Adopted in infancy, man reunites with big family Siblings had lived nearby for years

April 26, 1993|By John A. Morris | John A. Morris,Staff Writer

For 65 years, Andrew Fleischmann's brothers and sisters knew he lived nearby. But they didn't know exactly where, nor had they seen even a picture of him for 48 years.

For his part, he didn't even know they existed.

Mr. Fleischmann didn't learn until October that he had been given up for adoption after his mother died when he was 14 months old. His natural father, who worked at a South Baltimore chemical plant, had six older children and decided he could not care for the boy.

Yesterday, Mr. Fleischmann, who was born in 1925 as Andrew Knell, made up for lost time with five of his older siblings and three of his four younger half-brothers and sisters over lunch at the 4100 Club in Brooklyn Park.

"For all those years, to think I was an only child -- I had always wished I had brothers and sisters -- but to think that and then suddenly find out I'm related to this whole mob, it was a shock," said Mr. Fleischmann, who was raised by Leonard and Myrtle Fleischmann at Cottage Grove Beach in Pasadena.

His natural father, John Knell, remarried about a year after the boy had been adopted, recalled Lillian Knell Conaway, 79, Mr. Fleischmann's oldest sister. But "little Andrew" -- who grew up to be the tallest of the family -- was never forgotten.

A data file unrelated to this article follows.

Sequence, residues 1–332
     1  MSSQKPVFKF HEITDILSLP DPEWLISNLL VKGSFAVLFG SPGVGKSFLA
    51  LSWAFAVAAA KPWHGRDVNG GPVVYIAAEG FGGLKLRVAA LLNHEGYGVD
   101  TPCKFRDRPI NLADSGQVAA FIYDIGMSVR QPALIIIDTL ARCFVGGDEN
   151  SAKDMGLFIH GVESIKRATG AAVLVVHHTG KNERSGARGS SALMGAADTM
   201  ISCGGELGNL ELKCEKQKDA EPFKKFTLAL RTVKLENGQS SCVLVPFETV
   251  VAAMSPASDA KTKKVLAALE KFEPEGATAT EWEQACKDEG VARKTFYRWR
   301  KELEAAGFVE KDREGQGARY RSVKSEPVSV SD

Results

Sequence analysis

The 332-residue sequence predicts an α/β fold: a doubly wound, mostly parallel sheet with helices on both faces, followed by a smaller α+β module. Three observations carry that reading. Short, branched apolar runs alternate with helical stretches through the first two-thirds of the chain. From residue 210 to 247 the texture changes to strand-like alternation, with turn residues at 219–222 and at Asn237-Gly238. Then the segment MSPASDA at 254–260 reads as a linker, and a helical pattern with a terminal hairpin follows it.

They kept tabs on him as best they could, sharing whatever they heard about him or whenever they thought they might have seen him. Mrs. Conaway said she still has the newspaper story and picture about Mr. Fleischmann, then 19 and serving in the Army Air Corps in World War II, winning the Distinguished Flying Cross for shooting down several Japanese planes.

"We often asked when little Andrew was coming back," said Mrs. Conaway of Rosedale. "My dad just said this man and woman were going to raise him for a while and left it at that. Well, now he's back."

Even after the children grew into adults, his siblings never approached their brother. "We were depending on his adoptive mother telling him," Mrs. Conaway said.

Finally, last year, they began to track him down.

They knew the Fleischmanns had lived in Pasadena, but lost track of Andrew after his adoptive father -- who had worked at the General Chemical Company off Hanover Street where Mr. Fleischmann's father worked -- died and his adoptive mother remarried. They also knew that he had worked for Procter & Gamble as a truck dispatcher, because a nephew had worked with him before Mr. Fleischmann retired.

They finally tracked him down through the Veterans of Foreign Wars. Last Oct. 10, Mr. Fleischmann's 67th birthday, his youngest half-brother, John, called him on the telephone and arranged to meet him at a McDonald's on Fort Smallwood Road.

"He said 'I think you're my brother,' " Mr. Fleischmann remembered. "I said, 'What are you talking about? I don't have any brothers or sisters.' But as soon as he said the name John Knell, I remembered my [adoptive] parents talking about a John Knell down at the plant who worked with my [adoptive] father."

"We recognized him as a Knell as soon as he walked in the door" of the McDonald's, said his half-sister, Irene Bates of South Baltimore.

Andrew's wife shook her head in disbelief yesterday as the family swapped stories about the number of times her husband had unwittingly crossed paths with his siblings. Most of them still live in Baltimore; four live in Arnold, Elvaton, Chelsea Beach and Point Pleasant.

A couple of his sisters bowl at the same alley they do on Fort Smallwood Road, Mrs. Fleischmann said.

"It's unbelieveable how close this family came to crossing paths and still never met," she said. "It seems the whole family likes to bowl."

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